If you have a question about gardening in the Birmingham area, ask John. John Floyd has been gardening–and learning about gardening–for more than 30 years. In addition to his day-to-day experience in the garden, John has degrees in horticulture, plant taxonomy, and plant physiology from Auburn and Clemson Universities and was Editor-in-Chief of Southern Living.
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It is a rapid growing vine whose roots system spreads out and it trunk can get big. Of course you see it planted on houses but I would not do it if it were my house.
Well, many seedlings do not bloom for many years and when they do, they fruit it will produce may not be what you expect. Good luck.
Clay soil is a tough product to quickly make great soil. I like to mix good organic matter and sand with the clay. The real problem is mixing well as the clay needs to be well mixed with the soil and organic matter so it looks like one soil. One solution is to do some raised beds.
Try digging into the holes you think are borers and see if you can dig them out. Will try to stop by but about the only time I am in Bessemer is when we eat at the Bright Star.
All of the ones I know are fragrant but none are more fragrant than the parent (Gardenia jasminoides). It can still be found in many garden centers. The second most fragrant, in my mine, is the Dwarf Gardenia (Gardenia jasminoides ‘Radicans’). After these two the heavy fragrance lessens.
Frankly after reading about your issues I still am not much help. The orange material is a fungus but indicates the tree is not healthy but not necessarily dying. I would take pictures and e-mail or take them to Dr James Jacobi at the Hanna Center at the Birmingham Botanical Gardens and see what he says. He is a great pathologist.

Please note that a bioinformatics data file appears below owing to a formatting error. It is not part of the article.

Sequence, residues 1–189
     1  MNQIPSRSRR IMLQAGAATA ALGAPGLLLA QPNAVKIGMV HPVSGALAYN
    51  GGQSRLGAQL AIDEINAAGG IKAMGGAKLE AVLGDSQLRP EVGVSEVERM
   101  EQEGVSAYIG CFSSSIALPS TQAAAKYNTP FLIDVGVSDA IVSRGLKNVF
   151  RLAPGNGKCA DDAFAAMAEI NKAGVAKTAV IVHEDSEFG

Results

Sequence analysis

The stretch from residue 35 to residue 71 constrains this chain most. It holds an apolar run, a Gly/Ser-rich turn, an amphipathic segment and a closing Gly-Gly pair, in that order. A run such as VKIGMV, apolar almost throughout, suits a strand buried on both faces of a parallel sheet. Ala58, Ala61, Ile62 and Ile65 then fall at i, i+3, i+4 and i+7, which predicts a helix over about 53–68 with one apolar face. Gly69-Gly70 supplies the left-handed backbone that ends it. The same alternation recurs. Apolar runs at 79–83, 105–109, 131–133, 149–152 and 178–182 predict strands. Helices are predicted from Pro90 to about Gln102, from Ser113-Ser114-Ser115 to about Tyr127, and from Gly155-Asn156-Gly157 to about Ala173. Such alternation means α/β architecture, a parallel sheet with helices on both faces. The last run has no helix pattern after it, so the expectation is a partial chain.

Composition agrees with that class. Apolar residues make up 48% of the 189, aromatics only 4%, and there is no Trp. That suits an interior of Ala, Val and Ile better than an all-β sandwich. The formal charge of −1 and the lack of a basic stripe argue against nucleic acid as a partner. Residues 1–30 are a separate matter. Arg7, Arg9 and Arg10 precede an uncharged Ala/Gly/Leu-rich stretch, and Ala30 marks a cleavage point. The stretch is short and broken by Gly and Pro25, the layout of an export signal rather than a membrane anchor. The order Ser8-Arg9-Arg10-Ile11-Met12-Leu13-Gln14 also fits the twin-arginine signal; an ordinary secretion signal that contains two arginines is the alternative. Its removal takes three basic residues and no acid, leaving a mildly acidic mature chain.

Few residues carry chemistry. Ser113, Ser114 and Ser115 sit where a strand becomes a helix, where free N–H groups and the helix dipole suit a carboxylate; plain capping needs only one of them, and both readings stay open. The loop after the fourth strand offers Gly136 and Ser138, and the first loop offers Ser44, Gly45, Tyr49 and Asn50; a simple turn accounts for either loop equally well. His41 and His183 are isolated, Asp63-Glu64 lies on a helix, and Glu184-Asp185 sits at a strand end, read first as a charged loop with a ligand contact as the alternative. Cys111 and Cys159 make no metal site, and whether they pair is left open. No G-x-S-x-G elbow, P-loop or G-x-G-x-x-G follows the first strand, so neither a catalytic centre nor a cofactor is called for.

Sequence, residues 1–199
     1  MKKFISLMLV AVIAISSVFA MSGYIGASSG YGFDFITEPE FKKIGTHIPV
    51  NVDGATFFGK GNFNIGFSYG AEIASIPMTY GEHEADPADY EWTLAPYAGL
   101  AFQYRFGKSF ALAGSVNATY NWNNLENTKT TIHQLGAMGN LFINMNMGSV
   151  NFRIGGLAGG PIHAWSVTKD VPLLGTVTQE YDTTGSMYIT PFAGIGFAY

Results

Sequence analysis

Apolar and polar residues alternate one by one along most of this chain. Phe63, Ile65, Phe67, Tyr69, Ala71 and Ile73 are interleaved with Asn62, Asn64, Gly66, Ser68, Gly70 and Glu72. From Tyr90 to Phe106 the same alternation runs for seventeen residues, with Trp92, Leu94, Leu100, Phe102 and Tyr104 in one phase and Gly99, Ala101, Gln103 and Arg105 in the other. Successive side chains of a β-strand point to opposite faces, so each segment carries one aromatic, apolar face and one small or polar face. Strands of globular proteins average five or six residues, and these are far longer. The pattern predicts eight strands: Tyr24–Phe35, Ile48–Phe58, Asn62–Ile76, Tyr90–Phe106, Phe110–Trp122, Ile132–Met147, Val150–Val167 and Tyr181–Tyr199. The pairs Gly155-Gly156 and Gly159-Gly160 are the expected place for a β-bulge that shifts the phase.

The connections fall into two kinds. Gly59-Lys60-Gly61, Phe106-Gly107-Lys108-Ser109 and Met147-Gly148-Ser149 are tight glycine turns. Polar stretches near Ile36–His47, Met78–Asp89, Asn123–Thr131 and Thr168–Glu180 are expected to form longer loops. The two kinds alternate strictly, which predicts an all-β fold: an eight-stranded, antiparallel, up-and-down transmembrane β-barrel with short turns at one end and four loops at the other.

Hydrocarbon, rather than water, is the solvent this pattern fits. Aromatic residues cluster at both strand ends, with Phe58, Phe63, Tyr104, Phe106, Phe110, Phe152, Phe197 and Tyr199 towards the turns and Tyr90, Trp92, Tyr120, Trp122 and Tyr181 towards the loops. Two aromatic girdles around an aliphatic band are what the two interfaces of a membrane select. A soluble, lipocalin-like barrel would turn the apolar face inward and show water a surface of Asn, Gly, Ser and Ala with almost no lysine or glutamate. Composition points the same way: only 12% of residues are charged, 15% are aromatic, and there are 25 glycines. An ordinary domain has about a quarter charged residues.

It really sounds like rosette disease, Check the pictures under knockout rose diseases. If that is the case I would pull up the plants and destroy them.
First guess is that it has been grown on the dry side. They like water and fertilizer when blooming. Second guess it is a seedling and that is what the fruit look like and tastes.
I need some help with your request. Did he buy you bagged roses or containerized roses. In either case are there any leaves present and do they have any green stems. Please respond and I will try to help when I know what you are dealing with.
They are considered a late summer to early fall bloomer, so I would feel comfortable cutting them back to mid-summer. This will still give them time to produce flower clusters for fall flowering.
A blast of soapy water that knock the off the leaves is a temporary fix. Most insecticides say they control them but for long term results dust with Diatomaceous Earth.
I think either is ok but the high middle number is phosphorus and our soil are typically high in phosphorus. I would recommend that you use 15-0-15. It will save you a lot of money and will probably get as good or better results.
With that much rain I would not seed the veggie garden until the heavy rains are over. I often time start in pots and then transplant to the garden. I am afraid with that much rain the seed will wash everywhere.
Meyers Garden Center, Hanna’s Garden Shop, and Warren Family Garden Center should be good sources. But, I would call first to make sure they have some that have not over wintered in their greenhouses
Wilson Brothers has good credentials. Have not ordered from them.